Stop and search rights

27 September 2007
Stop and search rights

If you suspect that one of your staff has stolen property, be very sure of your procedures before conducting a search, warns solicitor Katee Dias

The Problem

A guest has reported jewellery missing from her hotel room. There are no signs of forced entry to the room. As an employer, do you have the right to conduct a search of your employees?

The law

Stopping and searching employees, whether it be to search their person or their possessions - such as handbags, vehicles and lockers - can lead to claims of constructive unfair dismissal based on allegations that the employer was acting unreasonably, thereby breaching the implied duty of trust and confidence. Bodily searches can also amount to criminal offences, such as assault, battery, sexual assault and also a civil offence of trespass to the person.

Expert advice

In short, there is no legal right to stop and search your employees. If you want to reserve that right, you will need to have an express contractual provision allowing this. However, even where such a term exists, you must exercise that right reasonably.

Therefore, to limit the risk of claims being brought, the employee's express prior consent should be obtained before any search is carried out, particularly when you want to undertake a search of their person. If an employee withdraws their consent but you go ahead with the search anyway, it would almost certainly be a breach of trust and confidence and, potentially, battery.

Some employees try to argue that a search by their employer is in breach of their human rights, specifically their right to privacy. Although there is no such statutory right that is directly enforceable against a private employer, tribunals aim to uphold the spirit of the European Convention on Human Rights, and so such an argument could be used to bolster a constructive dismissal claim by extending the implied duty of trust and confidence to include a respect for privacy. However, where you have a policy stating that searches may be undertaken, it goes some way to rebut this argument, since then the expectation of privacy at work is removed.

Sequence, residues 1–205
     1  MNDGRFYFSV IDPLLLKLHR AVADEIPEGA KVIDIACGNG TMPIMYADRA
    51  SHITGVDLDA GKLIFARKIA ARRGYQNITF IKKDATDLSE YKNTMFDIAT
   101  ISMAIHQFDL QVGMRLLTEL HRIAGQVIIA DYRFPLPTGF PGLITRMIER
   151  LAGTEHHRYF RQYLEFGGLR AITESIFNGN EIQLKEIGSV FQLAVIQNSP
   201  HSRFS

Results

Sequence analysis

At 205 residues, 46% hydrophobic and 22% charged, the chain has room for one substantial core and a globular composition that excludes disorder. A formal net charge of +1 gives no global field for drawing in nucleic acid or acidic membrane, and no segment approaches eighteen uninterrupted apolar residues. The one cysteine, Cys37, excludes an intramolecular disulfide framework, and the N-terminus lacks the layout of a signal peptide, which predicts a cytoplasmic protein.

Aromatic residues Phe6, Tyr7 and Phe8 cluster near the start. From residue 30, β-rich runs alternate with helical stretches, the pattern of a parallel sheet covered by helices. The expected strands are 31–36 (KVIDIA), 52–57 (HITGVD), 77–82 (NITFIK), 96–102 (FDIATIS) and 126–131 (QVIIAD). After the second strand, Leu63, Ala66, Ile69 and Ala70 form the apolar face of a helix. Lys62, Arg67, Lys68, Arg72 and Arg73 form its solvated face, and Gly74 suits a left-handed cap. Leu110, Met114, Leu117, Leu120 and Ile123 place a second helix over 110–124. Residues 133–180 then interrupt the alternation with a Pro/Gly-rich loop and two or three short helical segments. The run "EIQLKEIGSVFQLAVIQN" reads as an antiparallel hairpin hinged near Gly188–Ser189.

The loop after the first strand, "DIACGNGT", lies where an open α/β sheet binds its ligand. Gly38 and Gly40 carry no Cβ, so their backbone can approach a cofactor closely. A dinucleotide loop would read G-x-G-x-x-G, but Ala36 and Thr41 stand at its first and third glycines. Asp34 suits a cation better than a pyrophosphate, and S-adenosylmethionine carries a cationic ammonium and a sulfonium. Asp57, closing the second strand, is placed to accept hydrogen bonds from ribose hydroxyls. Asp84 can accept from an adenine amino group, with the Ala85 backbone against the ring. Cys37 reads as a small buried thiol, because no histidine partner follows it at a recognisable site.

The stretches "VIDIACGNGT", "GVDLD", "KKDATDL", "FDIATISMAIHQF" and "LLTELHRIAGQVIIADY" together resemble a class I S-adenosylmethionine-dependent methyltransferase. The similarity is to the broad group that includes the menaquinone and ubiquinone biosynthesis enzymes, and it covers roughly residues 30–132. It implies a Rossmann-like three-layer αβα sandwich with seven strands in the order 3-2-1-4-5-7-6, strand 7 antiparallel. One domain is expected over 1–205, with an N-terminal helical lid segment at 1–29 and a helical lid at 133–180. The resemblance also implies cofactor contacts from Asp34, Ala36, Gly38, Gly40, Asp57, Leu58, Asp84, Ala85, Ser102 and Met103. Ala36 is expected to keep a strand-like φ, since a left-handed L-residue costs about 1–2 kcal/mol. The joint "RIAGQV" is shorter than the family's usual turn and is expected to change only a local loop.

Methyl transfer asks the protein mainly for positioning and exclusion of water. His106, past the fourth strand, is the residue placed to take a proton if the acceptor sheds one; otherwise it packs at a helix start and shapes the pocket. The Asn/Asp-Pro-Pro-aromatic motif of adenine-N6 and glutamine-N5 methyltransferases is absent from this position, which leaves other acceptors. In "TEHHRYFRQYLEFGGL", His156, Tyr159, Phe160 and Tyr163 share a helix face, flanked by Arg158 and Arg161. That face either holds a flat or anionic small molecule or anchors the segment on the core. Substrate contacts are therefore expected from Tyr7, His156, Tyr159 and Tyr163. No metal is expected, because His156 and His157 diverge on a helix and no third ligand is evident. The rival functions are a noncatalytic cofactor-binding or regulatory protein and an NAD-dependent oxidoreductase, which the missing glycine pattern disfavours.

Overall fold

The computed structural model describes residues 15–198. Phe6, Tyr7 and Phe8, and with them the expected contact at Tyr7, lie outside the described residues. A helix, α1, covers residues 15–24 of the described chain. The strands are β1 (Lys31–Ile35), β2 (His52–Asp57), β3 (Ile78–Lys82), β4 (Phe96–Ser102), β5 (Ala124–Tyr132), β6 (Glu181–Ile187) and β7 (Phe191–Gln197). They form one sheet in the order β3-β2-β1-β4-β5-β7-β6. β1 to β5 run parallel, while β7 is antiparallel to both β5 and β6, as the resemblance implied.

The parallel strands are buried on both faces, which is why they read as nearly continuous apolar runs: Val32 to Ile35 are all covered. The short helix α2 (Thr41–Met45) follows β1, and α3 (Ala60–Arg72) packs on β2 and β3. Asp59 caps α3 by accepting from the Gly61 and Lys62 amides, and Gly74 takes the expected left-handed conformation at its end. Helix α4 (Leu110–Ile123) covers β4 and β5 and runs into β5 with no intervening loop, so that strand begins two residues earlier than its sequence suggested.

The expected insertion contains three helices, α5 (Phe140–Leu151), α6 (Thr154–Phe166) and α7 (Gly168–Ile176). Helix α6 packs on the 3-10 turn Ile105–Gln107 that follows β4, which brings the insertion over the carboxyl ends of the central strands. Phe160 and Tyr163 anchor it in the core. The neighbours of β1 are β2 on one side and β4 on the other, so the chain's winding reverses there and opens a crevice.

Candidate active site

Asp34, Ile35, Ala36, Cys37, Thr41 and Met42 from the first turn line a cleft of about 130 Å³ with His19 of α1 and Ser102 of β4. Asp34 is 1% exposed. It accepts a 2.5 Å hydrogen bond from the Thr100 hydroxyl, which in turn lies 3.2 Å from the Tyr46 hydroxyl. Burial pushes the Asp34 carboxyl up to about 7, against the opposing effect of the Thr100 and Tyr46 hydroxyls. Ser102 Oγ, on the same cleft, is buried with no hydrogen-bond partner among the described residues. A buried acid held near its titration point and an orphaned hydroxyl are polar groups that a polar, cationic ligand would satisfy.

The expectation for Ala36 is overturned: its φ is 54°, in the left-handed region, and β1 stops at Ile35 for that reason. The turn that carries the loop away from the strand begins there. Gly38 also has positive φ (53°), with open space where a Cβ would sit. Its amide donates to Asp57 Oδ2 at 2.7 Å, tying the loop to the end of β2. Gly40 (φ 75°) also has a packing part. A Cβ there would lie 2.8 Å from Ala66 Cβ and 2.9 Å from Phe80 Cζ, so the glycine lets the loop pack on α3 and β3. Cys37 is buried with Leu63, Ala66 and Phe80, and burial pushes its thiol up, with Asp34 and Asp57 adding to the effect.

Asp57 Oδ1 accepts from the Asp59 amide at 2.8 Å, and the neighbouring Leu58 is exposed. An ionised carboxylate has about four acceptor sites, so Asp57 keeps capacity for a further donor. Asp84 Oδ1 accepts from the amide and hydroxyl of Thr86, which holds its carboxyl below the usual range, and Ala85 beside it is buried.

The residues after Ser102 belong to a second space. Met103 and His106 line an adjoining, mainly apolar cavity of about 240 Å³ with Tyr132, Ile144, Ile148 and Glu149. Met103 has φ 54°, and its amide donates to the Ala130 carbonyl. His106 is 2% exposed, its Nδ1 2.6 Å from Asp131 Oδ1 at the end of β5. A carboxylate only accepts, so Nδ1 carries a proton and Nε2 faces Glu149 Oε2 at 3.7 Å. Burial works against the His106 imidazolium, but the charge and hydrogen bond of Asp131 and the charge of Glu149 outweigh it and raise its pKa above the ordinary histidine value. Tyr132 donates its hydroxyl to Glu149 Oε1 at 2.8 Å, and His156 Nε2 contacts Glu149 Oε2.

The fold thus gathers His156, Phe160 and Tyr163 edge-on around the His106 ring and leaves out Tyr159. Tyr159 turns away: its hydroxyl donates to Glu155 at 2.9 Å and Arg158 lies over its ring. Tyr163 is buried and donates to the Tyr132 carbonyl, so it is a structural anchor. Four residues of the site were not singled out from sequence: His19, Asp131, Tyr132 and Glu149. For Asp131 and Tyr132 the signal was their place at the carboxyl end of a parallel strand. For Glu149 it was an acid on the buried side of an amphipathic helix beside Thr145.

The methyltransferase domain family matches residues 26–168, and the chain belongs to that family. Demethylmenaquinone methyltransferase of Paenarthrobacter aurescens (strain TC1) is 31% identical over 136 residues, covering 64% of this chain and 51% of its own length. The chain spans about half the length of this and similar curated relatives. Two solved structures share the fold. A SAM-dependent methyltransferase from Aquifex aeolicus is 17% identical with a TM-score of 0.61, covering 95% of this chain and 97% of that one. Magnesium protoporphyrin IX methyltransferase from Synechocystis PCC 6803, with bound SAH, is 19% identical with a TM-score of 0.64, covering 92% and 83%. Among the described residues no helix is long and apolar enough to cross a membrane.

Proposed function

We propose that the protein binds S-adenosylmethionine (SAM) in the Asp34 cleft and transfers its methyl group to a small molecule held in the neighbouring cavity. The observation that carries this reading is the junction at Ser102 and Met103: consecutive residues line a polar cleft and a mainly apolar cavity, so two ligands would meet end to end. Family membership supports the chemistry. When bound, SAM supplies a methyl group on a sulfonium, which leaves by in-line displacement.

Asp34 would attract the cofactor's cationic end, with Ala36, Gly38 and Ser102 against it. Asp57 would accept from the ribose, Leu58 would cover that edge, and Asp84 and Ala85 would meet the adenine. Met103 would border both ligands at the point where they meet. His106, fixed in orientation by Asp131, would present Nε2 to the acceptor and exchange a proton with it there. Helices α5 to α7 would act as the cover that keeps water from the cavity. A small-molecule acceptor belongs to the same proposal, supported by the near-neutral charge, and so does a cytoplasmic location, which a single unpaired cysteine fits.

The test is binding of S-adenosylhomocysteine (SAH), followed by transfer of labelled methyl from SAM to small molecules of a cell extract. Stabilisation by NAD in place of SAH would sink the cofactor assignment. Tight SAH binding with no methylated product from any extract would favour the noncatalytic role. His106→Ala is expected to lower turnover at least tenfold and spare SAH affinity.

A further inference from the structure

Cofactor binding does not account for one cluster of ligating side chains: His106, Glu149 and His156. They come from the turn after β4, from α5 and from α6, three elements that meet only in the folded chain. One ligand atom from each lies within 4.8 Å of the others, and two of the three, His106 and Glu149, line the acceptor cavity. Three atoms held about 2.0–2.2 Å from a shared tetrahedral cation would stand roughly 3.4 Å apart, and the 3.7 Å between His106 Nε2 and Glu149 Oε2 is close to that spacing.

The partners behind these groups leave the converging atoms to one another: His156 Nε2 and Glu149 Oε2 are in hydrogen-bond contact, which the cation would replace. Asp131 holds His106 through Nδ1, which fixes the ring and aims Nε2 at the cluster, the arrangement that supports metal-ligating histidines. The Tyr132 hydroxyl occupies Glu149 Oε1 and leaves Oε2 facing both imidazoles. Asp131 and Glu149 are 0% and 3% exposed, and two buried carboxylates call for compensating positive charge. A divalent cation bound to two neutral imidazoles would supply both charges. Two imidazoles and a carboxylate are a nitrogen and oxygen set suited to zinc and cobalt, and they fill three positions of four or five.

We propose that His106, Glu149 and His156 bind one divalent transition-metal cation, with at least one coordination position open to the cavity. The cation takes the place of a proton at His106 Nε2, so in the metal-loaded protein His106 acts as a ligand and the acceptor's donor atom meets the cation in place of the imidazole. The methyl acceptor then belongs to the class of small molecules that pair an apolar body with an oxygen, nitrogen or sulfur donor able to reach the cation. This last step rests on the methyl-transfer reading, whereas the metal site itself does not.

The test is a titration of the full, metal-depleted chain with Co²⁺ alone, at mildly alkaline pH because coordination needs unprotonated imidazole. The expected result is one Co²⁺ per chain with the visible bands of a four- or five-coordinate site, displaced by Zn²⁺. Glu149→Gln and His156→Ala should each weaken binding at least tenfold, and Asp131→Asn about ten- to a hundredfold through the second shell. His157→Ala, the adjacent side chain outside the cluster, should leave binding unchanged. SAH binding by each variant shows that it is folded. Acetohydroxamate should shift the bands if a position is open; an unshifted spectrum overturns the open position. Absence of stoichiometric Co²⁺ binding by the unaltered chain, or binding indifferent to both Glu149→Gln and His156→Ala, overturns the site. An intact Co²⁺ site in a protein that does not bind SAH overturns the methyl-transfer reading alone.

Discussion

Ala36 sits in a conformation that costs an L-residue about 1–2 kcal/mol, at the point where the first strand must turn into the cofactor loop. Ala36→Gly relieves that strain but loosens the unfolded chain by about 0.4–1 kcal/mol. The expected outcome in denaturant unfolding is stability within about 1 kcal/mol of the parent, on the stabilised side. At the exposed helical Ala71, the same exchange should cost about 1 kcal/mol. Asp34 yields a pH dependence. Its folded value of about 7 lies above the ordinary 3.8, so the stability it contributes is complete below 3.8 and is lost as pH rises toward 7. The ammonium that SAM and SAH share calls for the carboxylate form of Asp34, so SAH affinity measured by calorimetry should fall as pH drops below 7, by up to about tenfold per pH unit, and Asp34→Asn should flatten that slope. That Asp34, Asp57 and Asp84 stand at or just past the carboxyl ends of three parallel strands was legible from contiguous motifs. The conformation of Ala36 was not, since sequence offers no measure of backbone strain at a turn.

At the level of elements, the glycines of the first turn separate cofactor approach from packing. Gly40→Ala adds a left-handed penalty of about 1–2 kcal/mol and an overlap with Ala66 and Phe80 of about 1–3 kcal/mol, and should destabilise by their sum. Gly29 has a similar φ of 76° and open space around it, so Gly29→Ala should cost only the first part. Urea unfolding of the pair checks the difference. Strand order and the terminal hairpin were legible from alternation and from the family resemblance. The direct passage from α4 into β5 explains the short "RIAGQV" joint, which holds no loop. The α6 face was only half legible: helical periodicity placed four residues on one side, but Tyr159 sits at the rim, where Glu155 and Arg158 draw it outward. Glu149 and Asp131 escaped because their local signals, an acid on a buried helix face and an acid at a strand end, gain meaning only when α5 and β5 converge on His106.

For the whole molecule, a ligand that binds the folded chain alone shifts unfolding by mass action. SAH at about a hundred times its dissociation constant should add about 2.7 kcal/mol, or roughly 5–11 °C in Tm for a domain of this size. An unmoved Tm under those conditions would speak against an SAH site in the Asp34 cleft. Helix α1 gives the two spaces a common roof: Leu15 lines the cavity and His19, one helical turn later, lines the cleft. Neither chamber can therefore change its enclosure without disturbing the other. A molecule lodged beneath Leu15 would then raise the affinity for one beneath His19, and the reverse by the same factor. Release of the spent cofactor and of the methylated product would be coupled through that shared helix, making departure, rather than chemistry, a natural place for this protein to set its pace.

Check list

  • Include the right to stop and search in the employee's contract of employment.
  • Circulate a policy to all employees explaining: when you will stop and search employees and their possessions how search will be carried out, eg, in private, by senior management only, with an option of having a witness in attendance if the employee requests and the consequences of the employee failing to co-operate.
  • Always seek the employee's express consent to the search before it is carried out, even if a contractual right exists. This should be evidenced in writing.
  • Use the powers of stop and search appropriately and in a non-discriminatory manner.
  • Train appropriate personnel who will undertake the searches. Remember that a person of the same sex should conduct a body search, and that searches should not be too invasive.
  • If the employee refuses to consent to the search, this might be a breach of contract and/or a failure to follow a reasonable instruction. Consider the particular circumstances to determine the level of disciplinary action to be taken. Also, remember to follow the statutory disciplinary and dismissal procedure.


An inappropriate use of stop and search might lead to claims of constructive dismissal, for which the maximum award is currently £69,900. A bodily search without consent might also lead to criminal prosecution, resulting in a fine and/or imprisonment.


Katee Dias, Goodman Derrick, 020 7404 0606,

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